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Posts Tagged ‘Sopaipillas’

Topic: New Mexico Puff Bread

Earlier today I saw a recipe on a freshly pressed blog for Easy Sopapillas pumpkin cheesecake bars-well after leaving a comment explaining that Sopaipillas are a New Mexican deep-fried bread and not a bread pudding type desert bread I decided to deviate from my normal ancient foods post and give you a recipe for these delicious breads. Note: the recipe I  spotted originally came from Pillsbury who should have changed the name to something else, or explained what an sopapilla was and where it came from.

Sopaipillas are a New Mexico speciality, served like green and red sauces with almost every spicy dish in the state. Traditionally they are drizzled with honey to “cut” the heat of the local cuisine. Since when properly puffed they are hollow ( like a pita), they are frequently served stuffed as well.

The following recipe is from Southwestern Kitchen by Jane Butel.

Note: In the recipe it calls for 1/2 teaspoon baking powder. If you choose to not use yeast in the recipe I would recommend changing this to 1 teaspoon baking power.

Also many recipes use water instead of scalded milk. I used an electric skillet to fry the dough

Sopaipillas

2 cups all-purpose flour

1/2 teaspoon baking powder

1/2 teaspoon salt

2 teaspoons solid vegetable shortening, lard or butter

1 1/2 teaspoons active dry yeast ( optional)

1.4 cup warm water ( 110F. 45C)

About 1/2 cup scalded milk, cooled to room temperature

Vegetable oil for deep-frying

Combine the flour, baking powder, and salt in a medium bowl, and cut in the shorting until the mixture resembles coarse cornmeal.

If you are using yeast, dissolve it in the warm water in a small bowl and add it to the cooled milk sitting well. ( If not using yeast, use 3/4 to 1 cup milk and omit the 1/4 cup water.) Add 1/4 cup of the milk to the dry ingredients and work into the dough. Add more liquid gradually until the dough is firm and springy and holds its shape.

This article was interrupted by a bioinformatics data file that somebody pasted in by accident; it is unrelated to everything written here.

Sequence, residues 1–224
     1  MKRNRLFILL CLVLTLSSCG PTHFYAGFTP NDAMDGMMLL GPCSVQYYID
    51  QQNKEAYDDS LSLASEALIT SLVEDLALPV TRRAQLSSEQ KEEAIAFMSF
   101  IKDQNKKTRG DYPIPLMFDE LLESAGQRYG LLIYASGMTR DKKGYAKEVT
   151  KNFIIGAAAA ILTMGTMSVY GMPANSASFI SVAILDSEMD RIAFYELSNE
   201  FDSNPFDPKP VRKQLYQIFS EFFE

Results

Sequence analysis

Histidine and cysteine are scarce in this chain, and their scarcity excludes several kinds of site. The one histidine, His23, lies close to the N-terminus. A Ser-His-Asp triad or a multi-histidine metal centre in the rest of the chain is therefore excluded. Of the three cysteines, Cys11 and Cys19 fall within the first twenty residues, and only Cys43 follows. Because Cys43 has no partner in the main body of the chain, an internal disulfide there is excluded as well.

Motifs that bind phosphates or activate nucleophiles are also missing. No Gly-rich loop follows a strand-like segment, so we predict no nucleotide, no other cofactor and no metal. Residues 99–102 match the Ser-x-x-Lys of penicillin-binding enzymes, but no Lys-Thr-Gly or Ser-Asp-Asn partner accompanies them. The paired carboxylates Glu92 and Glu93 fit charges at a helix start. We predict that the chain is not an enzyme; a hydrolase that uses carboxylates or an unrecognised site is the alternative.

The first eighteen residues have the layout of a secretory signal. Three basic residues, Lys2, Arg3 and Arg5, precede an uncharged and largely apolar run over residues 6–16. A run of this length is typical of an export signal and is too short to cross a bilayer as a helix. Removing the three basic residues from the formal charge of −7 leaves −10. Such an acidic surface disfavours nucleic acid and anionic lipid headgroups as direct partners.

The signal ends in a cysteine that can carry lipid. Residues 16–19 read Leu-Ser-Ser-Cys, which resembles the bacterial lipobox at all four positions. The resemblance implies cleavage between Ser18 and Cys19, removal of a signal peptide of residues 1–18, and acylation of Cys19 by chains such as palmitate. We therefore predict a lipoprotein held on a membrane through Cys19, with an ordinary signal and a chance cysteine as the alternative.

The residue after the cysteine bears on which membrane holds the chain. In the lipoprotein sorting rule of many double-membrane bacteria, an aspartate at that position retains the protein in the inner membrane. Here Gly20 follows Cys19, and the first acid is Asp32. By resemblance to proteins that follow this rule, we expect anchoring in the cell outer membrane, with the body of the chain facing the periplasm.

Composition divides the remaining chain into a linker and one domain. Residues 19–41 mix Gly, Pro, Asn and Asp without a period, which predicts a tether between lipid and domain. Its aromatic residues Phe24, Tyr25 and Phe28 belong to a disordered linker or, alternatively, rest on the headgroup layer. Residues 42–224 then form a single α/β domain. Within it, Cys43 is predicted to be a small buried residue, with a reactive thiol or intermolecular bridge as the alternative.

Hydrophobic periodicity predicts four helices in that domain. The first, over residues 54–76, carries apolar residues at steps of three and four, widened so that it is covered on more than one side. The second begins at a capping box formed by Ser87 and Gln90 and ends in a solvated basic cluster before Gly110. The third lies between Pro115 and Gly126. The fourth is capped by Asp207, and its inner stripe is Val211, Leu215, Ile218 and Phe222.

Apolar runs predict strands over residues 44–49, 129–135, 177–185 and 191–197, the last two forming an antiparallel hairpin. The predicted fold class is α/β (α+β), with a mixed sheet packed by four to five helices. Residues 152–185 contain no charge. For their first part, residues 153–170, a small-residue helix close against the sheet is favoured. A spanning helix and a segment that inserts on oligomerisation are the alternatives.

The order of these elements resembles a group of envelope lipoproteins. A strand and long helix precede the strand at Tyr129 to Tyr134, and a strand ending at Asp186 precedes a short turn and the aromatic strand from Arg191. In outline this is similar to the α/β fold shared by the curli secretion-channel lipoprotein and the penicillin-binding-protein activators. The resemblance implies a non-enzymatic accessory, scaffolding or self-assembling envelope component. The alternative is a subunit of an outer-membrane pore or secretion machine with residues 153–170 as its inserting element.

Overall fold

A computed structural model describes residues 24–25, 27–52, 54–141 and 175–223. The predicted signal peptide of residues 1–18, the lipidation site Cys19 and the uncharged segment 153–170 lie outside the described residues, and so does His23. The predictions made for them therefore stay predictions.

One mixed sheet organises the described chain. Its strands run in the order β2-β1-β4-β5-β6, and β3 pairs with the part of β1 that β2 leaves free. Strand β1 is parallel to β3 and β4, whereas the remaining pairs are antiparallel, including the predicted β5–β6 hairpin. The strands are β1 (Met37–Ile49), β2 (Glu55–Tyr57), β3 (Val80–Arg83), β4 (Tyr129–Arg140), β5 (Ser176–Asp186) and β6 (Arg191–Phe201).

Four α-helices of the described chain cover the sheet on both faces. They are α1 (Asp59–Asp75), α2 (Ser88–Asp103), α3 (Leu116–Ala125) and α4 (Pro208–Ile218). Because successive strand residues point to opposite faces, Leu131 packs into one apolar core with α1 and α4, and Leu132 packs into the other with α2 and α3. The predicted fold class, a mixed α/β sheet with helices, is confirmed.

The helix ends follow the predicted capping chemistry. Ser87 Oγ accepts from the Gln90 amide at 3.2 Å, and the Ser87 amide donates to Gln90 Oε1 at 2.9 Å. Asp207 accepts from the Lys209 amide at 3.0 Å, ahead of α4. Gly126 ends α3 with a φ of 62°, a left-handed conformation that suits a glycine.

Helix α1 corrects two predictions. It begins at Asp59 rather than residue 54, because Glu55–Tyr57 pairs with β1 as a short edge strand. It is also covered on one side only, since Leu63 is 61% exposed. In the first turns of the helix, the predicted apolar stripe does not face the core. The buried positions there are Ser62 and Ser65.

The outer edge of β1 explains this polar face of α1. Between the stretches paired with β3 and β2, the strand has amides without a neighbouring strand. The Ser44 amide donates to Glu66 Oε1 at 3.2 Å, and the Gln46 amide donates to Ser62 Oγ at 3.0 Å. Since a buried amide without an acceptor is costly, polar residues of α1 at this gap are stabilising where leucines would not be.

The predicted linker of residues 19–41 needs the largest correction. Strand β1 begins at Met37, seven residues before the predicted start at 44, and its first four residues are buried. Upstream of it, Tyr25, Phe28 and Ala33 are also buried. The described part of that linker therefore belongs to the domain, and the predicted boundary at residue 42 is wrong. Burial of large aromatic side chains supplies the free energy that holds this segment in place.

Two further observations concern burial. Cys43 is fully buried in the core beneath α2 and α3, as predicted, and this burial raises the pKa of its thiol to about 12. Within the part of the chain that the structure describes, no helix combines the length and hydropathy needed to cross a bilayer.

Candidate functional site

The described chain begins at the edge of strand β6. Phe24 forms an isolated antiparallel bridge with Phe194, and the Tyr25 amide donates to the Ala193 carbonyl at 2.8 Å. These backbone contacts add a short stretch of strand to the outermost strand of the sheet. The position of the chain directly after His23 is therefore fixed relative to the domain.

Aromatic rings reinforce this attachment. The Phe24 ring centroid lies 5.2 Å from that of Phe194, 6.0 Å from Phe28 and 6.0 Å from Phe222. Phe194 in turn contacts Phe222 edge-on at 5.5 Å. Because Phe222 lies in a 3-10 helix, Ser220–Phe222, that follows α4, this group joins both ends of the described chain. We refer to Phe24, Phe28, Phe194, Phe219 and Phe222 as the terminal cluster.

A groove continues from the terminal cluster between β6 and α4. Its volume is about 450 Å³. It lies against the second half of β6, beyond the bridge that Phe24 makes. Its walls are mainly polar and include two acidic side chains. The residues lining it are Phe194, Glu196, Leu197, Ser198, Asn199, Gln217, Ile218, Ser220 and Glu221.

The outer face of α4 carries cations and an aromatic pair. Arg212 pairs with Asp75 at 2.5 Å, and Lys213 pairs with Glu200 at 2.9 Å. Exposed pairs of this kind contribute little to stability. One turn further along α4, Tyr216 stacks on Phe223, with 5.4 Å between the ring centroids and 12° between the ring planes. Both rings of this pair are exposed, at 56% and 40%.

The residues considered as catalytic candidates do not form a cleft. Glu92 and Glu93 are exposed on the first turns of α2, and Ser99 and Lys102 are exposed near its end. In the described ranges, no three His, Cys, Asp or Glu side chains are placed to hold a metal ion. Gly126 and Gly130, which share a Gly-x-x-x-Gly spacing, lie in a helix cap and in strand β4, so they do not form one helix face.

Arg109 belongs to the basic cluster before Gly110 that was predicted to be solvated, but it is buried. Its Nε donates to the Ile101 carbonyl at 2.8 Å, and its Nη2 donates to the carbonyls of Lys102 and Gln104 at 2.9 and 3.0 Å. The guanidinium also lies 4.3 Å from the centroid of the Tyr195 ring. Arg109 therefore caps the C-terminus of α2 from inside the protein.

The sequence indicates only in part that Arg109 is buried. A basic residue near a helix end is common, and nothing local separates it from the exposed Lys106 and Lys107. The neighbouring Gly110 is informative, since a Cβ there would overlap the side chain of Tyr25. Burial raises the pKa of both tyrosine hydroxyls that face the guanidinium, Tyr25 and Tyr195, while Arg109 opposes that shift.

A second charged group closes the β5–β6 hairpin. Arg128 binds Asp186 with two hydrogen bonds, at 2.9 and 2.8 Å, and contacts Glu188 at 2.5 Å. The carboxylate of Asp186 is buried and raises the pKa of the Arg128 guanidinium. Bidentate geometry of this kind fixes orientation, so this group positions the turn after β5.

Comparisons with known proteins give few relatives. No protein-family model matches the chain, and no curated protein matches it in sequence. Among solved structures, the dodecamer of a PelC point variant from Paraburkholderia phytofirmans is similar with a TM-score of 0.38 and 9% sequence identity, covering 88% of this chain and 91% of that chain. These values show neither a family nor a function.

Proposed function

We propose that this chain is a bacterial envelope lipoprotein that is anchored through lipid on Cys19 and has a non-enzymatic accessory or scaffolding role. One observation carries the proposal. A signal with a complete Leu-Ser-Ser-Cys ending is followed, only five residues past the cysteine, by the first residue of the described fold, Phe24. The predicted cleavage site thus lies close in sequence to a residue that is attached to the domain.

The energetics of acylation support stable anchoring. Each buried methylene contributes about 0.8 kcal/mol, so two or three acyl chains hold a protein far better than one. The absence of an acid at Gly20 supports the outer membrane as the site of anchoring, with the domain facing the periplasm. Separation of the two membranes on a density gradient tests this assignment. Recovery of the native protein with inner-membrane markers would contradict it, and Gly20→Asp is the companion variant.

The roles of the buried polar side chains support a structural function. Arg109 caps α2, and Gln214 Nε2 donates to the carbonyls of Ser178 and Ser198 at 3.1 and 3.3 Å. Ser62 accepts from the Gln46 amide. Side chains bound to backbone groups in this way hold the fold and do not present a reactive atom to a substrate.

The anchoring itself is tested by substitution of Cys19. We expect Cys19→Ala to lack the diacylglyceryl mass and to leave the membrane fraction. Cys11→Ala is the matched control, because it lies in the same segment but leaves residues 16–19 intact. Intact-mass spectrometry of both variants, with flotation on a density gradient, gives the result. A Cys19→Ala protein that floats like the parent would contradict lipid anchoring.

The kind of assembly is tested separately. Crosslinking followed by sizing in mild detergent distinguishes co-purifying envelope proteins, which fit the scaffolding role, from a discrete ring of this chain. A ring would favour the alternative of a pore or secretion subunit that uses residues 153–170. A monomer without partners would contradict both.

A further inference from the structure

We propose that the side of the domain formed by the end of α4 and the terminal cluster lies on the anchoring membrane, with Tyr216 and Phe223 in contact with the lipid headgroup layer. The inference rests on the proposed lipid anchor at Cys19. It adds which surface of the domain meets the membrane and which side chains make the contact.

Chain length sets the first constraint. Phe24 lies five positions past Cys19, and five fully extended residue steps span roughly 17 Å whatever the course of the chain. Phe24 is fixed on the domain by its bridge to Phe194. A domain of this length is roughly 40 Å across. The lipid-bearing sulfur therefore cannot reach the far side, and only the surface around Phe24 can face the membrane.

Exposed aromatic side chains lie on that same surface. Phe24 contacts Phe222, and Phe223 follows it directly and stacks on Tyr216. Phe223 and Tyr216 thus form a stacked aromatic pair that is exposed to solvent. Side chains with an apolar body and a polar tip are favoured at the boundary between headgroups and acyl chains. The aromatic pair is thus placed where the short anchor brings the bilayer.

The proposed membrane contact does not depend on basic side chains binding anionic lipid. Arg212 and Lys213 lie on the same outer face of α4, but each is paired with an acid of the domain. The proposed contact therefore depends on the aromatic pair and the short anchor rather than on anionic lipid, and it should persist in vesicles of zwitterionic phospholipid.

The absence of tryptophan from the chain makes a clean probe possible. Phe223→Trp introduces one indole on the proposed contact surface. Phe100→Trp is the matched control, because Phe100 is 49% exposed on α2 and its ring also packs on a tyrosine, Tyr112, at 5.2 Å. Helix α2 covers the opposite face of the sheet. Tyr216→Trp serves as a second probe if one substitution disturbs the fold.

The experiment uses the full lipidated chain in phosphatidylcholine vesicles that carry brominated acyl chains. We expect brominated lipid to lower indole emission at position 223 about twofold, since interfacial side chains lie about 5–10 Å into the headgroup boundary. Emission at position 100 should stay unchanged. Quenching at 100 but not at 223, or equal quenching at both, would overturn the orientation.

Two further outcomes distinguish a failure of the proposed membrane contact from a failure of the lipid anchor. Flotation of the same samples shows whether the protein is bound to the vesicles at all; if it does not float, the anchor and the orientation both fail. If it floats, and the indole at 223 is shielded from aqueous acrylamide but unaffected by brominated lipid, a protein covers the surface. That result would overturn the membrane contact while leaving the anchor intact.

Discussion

Knead dough thoroughly, about 5 minutes, until smooth, firm, and elastic. Invert a bowl over the dough and let rest 10 minutes or until the dough is softened. Heat 3 to 4 inches of oil in a deep-fat fryer to 375F ( 190C).

Work with one-half of the dough at a time, keeping the balance well covered with the bowl. Roll one section to 1/4 thickness or slightly thinner, then cut into triangles or 2-1/2 inch squares; do not reroll any of the dough. Fry sopaipillas, a few at a time, in hot fat. They should puff and become hollow soon after they are immersed in the oil. If they do not puff up, keep holding under the surface of the oil with tongs or spoon hot oil over the surface until they puff. Makes 24 small puffs. Drain on a paper towel.

I agree with Jane Butel’s belief that the inspiration for sopaipillas probably came from Navaho Fry Bread, which the seventeenth century Spaniards who came to New Mexico would have seen them cook; or visa versa. Anyway that puts this wonderful bread  in the ancient foods category, although neither the Navaho’s or anyone else would have had baking powder at this time. Both were probably done either without leaving, or possibly with baking soda( using sour milk,for the chemical reaction)  or possibly with wild yeast. 

Here is a photo of the finished product:

Sopaipillas

Original Material:

Recipe from SouthwesternKitchen by Jane Butel

Photo on gabrielaskitchen  

It seems this is also a wordpress blog, so thank you as I did not have a photo of sopaipillas.

Article by Joanna Linsley-Poe

Oct 3, 2011

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